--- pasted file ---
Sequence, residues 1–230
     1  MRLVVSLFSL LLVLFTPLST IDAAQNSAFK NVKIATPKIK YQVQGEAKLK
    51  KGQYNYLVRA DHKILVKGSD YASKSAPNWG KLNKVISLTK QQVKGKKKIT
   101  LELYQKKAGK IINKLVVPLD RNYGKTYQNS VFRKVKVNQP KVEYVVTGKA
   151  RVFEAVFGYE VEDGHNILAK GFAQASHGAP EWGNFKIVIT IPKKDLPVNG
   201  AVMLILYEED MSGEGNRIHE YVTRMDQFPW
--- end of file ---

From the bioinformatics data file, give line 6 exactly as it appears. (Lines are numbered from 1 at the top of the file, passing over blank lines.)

   201  AVMLILYEED MSGEGNRIHE YVTRMDQFPW